Gillette Law Group October 2017


Keep Your Eyes on the Prize Masks can really bring a costume together, but they can also make it hard for young eyes to see where they’re going. Before trick-or- treaters head out to collect that sweet candy, swap out masks with face paint. It might take a few practice runs, but face paint can be just as cool. Make sure to test for allergic reactions first. Know the Rules of the Road It is important for trick-or-treaters of all ages to know how to behave safely as they walk down the sidewalks. They should always look both ways before crossing the street, never run out between parked cars, and make sure oncoming traffic is completely stopped before they step out into the road. Kids under the age of 12 should be accompanied by an adult, and older children should stick with their friends and never trick or treat alone. Trick-or-treating is a wonderful childhood tradition, and it shouldn’t end in tragedy. Talk to your kids about the risks and make sure they know why these rules are necessary. When you keep safety in mind, your trick-or-treaters can focus on the best part of Halloween: getting the most candy!

You may wonder if trick-or-treating is safe, especially when stories of poisoned Halloween candy circulate every year. These terrifying tales have all been hoaxes, but beyond needlessly frightening parents, these urban legends take attention away from the real danger kids face while trick-or-treating. Safe Kids Worldwide reports that children are twice as likely to be struck by a car on Halloween than any other day of the year. Here’s what you need to remember before sending your little witches and knights out trick-or-treating. Light Up the Night Brightly colored costumes will make your child more visible in the dark. That said, if your ghouls and goblins have their hearts set on being a real creature of the night, flashlights, glow-in-the-dark bracelets, and reflective tape attached to candy bags can help trick- or-treaters remain visible to drivers. Dress for Comfort The cold might not bother Elsa, but your trick-or-treater may not be ready to sing after the sun sets and the temperature drops. Have them wear jackets and gloves as needed and insist on shoes they can walk in. If your little princess is absolutely in love with her high heels, have her wear the pretty, uncomfortable shoes for pictures at the door, then switch into comfy sneakers before hitting the sidewalks.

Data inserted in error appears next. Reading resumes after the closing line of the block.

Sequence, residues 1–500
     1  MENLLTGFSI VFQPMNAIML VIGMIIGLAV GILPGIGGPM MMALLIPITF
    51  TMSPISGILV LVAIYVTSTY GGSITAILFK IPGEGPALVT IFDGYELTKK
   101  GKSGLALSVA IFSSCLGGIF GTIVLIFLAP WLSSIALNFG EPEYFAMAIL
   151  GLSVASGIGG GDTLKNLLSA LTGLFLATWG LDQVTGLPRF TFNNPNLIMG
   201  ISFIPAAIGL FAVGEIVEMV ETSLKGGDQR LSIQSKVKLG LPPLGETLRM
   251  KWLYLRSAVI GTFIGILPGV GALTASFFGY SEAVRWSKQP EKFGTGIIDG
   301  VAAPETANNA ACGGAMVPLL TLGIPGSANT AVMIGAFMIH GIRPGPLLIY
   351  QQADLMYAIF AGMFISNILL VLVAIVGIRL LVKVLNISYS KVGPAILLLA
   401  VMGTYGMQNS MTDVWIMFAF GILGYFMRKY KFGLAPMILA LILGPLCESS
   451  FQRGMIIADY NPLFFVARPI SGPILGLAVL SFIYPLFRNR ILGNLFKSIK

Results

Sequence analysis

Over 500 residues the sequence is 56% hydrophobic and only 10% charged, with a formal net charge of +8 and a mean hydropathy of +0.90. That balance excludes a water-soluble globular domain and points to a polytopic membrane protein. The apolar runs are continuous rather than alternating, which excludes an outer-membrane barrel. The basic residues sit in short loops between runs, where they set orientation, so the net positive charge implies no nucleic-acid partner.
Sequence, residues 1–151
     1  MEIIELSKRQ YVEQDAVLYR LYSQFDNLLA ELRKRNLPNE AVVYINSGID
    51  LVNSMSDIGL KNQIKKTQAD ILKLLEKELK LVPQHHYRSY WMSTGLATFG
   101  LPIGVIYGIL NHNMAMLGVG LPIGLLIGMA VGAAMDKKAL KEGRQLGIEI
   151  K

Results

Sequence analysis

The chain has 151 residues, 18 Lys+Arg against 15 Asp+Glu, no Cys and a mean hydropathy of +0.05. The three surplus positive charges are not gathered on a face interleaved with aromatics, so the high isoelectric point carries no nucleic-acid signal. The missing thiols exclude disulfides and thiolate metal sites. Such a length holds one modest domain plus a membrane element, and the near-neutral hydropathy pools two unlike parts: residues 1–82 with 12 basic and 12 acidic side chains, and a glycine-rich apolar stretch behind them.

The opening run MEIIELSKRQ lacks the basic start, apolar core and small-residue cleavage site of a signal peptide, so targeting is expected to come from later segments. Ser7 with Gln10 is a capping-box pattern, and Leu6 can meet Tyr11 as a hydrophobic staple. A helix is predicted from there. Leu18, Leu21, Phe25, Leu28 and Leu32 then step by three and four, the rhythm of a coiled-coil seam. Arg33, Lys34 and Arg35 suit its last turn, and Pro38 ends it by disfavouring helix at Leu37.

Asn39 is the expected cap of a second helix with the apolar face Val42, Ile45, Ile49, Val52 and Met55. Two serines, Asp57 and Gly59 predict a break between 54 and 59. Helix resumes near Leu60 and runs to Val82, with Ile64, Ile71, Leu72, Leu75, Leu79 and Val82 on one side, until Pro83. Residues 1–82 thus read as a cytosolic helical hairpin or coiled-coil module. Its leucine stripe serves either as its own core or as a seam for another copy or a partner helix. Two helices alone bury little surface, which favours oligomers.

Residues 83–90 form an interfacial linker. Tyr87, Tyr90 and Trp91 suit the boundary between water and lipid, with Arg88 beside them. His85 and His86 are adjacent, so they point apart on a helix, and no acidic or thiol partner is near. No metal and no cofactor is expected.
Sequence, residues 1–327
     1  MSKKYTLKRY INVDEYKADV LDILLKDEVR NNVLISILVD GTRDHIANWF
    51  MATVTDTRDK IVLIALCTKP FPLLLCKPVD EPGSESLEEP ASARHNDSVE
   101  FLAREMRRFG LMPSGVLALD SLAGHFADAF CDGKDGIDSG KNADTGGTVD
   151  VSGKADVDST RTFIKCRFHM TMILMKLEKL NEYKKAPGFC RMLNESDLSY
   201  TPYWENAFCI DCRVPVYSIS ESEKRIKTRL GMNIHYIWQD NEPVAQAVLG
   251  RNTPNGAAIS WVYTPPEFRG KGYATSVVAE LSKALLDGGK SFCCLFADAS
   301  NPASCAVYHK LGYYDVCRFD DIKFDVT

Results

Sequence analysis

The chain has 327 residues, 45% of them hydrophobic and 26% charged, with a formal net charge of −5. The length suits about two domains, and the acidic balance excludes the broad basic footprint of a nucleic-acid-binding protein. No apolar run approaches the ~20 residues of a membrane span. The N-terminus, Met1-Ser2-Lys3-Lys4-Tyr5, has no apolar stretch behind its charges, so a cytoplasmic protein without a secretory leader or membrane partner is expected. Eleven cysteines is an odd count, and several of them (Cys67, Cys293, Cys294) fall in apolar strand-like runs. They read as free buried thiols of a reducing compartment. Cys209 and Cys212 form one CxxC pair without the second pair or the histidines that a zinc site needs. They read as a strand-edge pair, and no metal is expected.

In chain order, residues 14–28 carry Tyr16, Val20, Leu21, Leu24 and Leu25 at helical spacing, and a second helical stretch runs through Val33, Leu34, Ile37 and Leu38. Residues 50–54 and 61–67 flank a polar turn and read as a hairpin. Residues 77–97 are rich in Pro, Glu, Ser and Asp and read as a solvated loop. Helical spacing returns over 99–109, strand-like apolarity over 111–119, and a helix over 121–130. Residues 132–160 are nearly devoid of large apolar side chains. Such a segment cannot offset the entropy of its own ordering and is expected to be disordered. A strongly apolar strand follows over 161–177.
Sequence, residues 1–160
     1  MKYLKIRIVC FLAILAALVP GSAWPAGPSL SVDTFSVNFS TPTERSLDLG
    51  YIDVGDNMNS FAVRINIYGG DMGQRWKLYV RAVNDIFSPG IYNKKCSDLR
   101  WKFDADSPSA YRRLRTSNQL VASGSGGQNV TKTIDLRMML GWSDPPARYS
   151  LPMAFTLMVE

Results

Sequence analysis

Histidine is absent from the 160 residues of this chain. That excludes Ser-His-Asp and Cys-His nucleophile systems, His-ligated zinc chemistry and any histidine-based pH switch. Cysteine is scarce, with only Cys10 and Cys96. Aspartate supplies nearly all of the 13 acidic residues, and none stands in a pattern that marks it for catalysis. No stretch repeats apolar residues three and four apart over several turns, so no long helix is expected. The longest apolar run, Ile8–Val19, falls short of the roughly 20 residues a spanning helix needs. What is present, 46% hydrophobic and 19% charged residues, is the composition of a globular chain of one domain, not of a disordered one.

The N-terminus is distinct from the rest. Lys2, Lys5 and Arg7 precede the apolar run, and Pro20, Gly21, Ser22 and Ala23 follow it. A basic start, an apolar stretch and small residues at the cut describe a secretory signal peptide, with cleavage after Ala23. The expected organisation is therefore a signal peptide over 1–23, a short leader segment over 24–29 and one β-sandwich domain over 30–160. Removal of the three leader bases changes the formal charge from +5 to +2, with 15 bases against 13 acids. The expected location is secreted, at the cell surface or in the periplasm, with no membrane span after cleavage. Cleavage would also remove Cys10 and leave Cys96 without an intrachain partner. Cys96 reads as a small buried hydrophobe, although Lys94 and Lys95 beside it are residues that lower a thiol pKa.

At Gillette Law Group, one of our key focuses is educating the public. Knowledge is power, and the more power you have over your case, the more power you have over your own destiny. That’s why, earlier this year, Brian was glad to accept a guest slot on Legal Brief, a radio show. Host Ron Broughton hosts the Norfolk- based radio show, and he interviews legal authorities and experts on different types of law. Brian was brought on to discuss Social Security Disability benefits, an area he practices regularly. Ron started off by asking Brian about the relationship between Social Security Disability (SSD) and Social Security retirement programs.


... and more.

You can listen to the interview at: www. If you have questions about any of those topics, give it a listen! Do you know of a group or organization that could benefit from learning more about Social Security disability benefits? Brian is grateful for any opportunity to educate the public about this far-reaching topic. Give us a call to invite him to speak to your group or to schedule an individual consultation.

In the rest of the interview, Brian was able to speak in depth about the following topics:


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